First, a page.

Job Description:

Naturopaths believe in improving their clients' health through natural therapies and education about lifestyle, diet and exercise.

Job Category:
Health Care & Social Assistance

What you will do:

As part of your day-to-day duties, you could:

  • discuss with a client their health, family and social history and their lifestyle habits
  • carry out a physical examination
  • take blood samples and carry out other tests
  • design a treatment plan based on the consultation and test results
  • advise on diet and lifestyle
  • keep detailed client notes
  • see clients for follow-up appointments
  • refer clients to a GP where necessary


You’ll need:

  • knowledge of how the human body works, human anatomy, physiology and the causes of diseases
  • counselling skills including active listening and a non-judgemental approach (a theraputic relationship with the client)
  • knowledge of psychology
  • to be able to use a computer and the main software packages competently

As well as:

  • excellent verbal/oral and written communication skills
  • analytical thinking skills
  • time management skills
  • sensitivity and understanding
  • decision making skills
  • to be thorough and pay attention to detail (organisational skills)
  • the ability to understand people’s reactions (leadership skills)
Illustration of employee looking at workspace

Entry Requirements:

To become a Naturopath, it’s important to have a strong foundation in science, particularly in biology and chemistry. While there are no specific subjects required for this field, it’s advisable to choose subjects that provide a solid background in science and health-related topics. Here’s a list of recommended subjects to help you prepare for a career in Naturopathy:

  1. Biology: This subject provides a fundamental understanding of living organisms, human anatomy, physiology, and health-related topics.
  2. Chemistry: Chemistry is important for understanding biochemical processes in the body, as well as for studying the chemical properties of natural remedies and supplements.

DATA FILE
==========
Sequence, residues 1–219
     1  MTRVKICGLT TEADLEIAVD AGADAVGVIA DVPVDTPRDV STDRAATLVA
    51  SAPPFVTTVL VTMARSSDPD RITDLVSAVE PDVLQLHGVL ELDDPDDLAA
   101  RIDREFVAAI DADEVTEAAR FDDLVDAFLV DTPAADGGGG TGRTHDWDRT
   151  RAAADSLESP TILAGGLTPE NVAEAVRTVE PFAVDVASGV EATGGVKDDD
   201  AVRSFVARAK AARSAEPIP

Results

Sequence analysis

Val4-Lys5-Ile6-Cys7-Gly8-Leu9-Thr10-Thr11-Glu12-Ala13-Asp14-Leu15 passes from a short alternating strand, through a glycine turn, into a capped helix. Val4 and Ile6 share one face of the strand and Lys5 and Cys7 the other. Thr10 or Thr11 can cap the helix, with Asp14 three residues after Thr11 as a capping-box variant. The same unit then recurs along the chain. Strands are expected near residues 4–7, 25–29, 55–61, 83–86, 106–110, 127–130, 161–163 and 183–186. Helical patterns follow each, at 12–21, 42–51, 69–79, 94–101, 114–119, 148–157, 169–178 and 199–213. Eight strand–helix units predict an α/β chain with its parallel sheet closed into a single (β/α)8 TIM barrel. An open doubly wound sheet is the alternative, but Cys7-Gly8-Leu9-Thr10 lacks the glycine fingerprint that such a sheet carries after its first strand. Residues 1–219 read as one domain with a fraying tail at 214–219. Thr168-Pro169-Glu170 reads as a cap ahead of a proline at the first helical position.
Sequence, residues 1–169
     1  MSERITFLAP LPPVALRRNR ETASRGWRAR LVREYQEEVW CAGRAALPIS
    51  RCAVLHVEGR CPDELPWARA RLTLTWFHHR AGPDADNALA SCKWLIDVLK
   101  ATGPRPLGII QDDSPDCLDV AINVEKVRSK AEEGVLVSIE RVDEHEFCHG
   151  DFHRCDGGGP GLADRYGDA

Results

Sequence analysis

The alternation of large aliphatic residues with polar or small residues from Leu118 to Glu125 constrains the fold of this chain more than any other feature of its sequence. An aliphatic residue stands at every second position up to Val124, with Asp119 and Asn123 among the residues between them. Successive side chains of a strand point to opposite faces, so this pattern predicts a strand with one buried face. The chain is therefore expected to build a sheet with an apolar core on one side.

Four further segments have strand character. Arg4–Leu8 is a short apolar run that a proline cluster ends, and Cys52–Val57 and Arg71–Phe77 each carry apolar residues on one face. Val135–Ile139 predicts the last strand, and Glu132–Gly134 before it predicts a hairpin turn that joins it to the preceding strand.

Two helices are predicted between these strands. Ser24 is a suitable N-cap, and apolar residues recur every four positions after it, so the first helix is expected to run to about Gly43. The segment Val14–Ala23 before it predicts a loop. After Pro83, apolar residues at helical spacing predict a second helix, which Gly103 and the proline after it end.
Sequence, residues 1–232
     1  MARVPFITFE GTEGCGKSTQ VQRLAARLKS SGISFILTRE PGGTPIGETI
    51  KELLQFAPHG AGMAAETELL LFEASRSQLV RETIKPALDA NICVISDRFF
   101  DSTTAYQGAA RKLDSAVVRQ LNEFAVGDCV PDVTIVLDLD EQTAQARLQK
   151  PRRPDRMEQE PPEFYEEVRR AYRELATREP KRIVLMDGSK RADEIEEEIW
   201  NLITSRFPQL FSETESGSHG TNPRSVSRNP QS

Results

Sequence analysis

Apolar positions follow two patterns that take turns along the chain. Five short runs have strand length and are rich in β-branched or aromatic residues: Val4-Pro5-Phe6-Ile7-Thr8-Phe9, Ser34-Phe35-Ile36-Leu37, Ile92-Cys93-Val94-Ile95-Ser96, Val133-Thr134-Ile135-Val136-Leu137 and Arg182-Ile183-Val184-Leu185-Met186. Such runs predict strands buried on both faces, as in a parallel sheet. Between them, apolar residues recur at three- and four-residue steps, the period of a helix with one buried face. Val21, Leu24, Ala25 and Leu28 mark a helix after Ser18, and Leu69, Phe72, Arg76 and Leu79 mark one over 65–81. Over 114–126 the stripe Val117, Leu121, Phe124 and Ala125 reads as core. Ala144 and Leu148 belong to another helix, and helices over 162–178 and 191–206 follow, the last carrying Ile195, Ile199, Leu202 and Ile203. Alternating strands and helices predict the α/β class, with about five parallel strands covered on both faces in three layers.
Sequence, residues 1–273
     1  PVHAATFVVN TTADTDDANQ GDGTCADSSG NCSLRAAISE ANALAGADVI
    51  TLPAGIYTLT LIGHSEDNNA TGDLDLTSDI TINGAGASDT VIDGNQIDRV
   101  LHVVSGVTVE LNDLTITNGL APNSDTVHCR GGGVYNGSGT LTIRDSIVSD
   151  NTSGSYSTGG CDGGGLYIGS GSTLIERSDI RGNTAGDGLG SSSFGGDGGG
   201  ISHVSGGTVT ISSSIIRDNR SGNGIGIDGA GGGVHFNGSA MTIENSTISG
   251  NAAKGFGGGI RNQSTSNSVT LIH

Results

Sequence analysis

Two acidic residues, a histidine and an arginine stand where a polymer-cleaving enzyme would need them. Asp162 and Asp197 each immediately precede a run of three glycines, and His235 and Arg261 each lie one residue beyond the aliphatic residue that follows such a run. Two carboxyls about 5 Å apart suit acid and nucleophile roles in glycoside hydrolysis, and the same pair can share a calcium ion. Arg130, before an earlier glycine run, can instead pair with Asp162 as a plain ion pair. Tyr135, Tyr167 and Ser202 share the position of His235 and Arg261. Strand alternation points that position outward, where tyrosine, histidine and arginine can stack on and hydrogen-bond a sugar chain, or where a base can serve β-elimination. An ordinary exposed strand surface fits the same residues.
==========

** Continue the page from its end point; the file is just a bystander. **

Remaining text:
3. Physics: While not as directly related as biology and chemistry, physics can provide a broader scientific foundation and analytical skills that may be beneficial in healthcare-related fields.
  4. Mathematics: Mathematics, particularly statistics, can be useful for interpreting and conducting research in natural health practices.
  5. English: Strong communication skills are important for any healthcare profession, including Naturopathy. English can help you develop your writing and verbal communication skills.
  6. Nutrition: If available, courses or modules related to nutrition can be very beneficial, as diet and nutrition are central to the practice of Naturopathy.
  7. Physical Education (PE): While not directly related to Naturopathy, PE can provide a general understanding of exercise and fitness, which may be relevant in holistic health practices.

Post School

You can get into this job through:

  • a university course


You’ll need to get a qualification that is recognised by one of the professional organisations for naturopathy.

You should also check the course content covers all of the competencies you will need to meet voluntary registration as a naturopath and that it includes enough practical work experience.

Working Hours and Environment:

A typical week consists of 37-39 hours of work. You could be required to work in your own business managing your own hours.

You could work in a therapy clinic or at a client’s home. Your working environment may be physically and emotionally demanding.

Career Path & Progression:

With experience and through marketing your service you could build your client base.

You could specialise in a particular type of treatment or work with people with specific health problems.

You could also move into teaching or promoting naturopathic techniques or doing research into naturopathic therapies.